These example sentences are selected automatically from various online news sources to reflect current usage of the word 'doom.' Views expressed in the examples do not represent the opinion of Merriam-Webster or its editors. Send us feedback.

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First Known Use of doom

Noun

before the 12th century, in the meaning defined at sense 1

Verb

15th century, in the meaning defined at sense 1

History and Etymology for doom

Noun

Middle English, from Old English dōm; akin to Old High German tuom condition, state, Old English dōn to do

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Time Traveler for doom

Time Traveler

The first known use of doom was before the 12th century

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Statistics for doom

Last Updated

17 Feb 2020

Cite this Entry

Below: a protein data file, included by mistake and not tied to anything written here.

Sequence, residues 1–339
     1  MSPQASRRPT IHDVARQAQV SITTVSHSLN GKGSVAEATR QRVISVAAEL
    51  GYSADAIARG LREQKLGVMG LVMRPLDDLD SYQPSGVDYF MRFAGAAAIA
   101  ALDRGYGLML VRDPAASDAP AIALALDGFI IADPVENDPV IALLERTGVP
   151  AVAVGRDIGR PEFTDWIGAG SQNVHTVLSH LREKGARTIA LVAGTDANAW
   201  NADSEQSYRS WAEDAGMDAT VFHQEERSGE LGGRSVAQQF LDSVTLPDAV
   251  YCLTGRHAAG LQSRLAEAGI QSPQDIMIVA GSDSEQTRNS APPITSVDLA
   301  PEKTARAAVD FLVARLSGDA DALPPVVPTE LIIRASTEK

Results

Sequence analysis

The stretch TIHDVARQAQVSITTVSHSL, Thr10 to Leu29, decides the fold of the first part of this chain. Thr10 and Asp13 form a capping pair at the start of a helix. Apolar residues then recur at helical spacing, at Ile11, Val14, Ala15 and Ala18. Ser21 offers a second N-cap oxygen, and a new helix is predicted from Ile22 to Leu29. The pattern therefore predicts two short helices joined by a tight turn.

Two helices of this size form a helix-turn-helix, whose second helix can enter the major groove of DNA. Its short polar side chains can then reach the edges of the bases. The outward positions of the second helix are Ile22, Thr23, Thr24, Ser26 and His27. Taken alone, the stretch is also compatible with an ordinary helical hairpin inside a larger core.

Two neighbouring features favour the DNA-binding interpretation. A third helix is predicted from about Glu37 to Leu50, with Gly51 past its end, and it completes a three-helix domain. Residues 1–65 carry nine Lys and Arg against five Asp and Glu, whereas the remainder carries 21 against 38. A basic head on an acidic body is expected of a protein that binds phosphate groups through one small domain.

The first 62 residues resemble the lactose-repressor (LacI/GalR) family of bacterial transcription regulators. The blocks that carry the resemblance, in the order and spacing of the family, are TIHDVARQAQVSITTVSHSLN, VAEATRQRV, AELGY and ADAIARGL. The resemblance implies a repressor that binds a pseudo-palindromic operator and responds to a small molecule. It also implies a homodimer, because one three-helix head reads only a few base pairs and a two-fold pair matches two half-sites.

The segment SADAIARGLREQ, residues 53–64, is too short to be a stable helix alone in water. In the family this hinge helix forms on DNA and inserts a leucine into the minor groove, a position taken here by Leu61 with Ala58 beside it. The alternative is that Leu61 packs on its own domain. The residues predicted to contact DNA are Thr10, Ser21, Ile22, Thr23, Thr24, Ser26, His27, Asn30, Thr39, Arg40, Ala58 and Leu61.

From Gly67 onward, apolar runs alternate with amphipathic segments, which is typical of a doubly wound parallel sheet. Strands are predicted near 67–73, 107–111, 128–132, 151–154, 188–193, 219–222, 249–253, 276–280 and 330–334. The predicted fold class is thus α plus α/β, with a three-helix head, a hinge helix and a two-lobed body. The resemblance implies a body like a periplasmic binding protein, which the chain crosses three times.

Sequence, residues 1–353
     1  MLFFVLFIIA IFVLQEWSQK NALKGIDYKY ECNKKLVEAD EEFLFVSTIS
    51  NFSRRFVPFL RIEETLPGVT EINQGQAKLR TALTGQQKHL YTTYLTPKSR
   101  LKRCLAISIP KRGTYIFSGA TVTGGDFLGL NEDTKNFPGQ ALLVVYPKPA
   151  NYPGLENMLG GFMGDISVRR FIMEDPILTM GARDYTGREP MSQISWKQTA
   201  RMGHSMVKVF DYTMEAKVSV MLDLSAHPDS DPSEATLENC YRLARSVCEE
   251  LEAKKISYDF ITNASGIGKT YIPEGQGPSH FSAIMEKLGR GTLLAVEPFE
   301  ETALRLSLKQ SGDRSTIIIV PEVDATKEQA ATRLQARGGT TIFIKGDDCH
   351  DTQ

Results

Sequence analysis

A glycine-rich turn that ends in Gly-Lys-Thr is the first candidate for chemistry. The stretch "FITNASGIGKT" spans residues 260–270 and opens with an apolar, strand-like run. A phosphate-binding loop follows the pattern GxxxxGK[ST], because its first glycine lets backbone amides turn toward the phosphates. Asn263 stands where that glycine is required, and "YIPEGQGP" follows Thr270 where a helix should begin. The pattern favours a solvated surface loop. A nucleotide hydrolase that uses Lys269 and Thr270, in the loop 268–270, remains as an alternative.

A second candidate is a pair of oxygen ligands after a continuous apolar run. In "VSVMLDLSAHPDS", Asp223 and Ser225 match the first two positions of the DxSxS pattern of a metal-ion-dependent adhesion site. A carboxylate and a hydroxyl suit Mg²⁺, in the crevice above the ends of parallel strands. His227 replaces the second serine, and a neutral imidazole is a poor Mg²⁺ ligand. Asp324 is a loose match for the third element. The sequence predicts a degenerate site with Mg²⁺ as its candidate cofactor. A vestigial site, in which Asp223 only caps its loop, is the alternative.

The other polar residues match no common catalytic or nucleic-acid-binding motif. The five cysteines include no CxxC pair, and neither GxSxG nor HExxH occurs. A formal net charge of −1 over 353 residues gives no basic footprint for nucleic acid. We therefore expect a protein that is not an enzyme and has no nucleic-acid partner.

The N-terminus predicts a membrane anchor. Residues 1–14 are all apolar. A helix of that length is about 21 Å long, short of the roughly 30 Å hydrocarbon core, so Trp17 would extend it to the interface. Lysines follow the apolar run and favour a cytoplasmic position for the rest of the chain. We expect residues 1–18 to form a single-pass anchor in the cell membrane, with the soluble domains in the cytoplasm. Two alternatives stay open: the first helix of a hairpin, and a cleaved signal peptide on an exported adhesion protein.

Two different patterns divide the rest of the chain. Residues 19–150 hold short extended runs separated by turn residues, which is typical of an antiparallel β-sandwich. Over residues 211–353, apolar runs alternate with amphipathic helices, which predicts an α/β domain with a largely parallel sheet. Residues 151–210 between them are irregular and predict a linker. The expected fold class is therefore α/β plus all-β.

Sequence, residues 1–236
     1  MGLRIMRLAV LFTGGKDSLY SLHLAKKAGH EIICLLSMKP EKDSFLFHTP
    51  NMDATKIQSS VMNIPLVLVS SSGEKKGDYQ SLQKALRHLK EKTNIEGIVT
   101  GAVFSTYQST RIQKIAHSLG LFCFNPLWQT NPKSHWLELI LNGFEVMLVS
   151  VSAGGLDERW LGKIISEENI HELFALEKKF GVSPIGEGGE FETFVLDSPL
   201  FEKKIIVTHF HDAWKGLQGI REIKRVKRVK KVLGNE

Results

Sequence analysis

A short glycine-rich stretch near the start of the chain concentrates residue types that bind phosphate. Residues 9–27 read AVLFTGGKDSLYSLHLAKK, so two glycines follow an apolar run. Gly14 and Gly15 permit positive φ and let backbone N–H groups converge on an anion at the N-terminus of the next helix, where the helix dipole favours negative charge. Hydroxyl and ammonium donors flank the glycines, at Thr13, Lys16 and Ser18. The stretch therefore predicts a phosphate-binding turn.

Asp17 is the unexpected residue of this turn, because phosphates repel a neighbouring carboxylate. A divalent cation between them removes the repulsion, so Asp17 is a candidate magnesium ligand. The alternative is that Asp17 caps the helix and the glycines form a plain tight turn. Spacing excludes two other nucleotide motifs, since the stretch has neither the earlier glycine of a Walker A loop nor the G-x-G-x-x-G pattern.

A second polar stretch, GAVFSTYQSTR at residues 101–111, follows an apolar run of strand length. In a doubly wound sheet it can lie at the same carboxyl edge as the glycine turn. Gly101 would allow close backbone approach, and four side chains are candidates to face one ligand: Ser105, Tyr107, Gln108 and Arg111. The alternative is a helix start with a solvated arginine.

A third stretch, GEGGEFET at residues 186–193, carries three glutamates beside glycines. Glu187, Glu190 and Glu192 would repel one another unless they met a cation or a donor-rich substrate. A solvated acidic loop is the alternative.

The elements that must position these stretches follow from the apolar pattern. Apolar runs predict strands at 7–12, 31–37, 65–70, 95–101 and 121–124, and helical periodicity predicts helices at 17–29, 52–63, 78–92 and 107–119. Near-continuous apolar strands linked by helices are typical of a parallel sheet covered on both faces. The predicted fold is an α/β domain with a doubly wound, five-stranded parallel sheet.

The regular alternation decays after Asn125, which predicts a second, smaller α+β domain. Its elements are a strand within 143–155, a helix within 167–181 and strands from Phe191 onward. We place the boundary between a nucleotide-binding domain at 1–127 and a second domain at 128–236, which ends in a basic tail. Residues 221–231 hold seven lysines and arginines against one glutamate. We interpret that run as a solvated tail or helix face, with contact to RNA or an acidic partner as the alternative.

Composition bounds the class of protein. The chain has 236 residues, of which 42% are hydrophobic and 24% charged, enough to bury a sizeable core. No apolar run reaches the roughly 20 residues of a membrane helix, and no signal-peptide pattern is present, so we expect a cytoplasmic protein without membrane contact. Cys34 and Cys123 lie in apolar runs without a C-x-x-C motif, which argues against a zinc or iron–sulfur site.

“Doom.” Merriam-Webster.com Dictionary, Merriam-Webster, https://www.merriam-webster.com/dictionary/doom?ref=dtf.ru. Accessed 22 Feb. 2020.

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More Definitions for doom

doom

noun
How to pronounce doom (audio)

English Language Learners Definition of doom

 (Entry 1 of 2)

: very bad events or situations that cannot be avoided
: death or ruin

doom

verb

English Language Learners Definition of doom (Entry 2 of 2)

: to make (someone or something) certain to fail, suffer, die, etc.

doom

noun
\ ˈdüm How to pronounce doom (audio) \

Kids Definition of doom

 (Entry 1 of 2)

1 : a terrible or unhappy ending or happening The news is full of doom and gloom.
2 : death sense 1 He met his doom.

doom

verb
doomed; dooming

Kids Definition of doom (Entry 2 of 2)

: to make sure that something bad will happen The plan was doomed to failure.

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More from Merriam-Webster on doom

Thesaurus: All synonyms and antonyms for doom

Rhyming Dictionary: Words that rhyme with doom

Spanish Central: Translation of doom

Nglish: Translation of doom for Spanish Speakers

Britannica English: Translation of doom for Arabic Speakers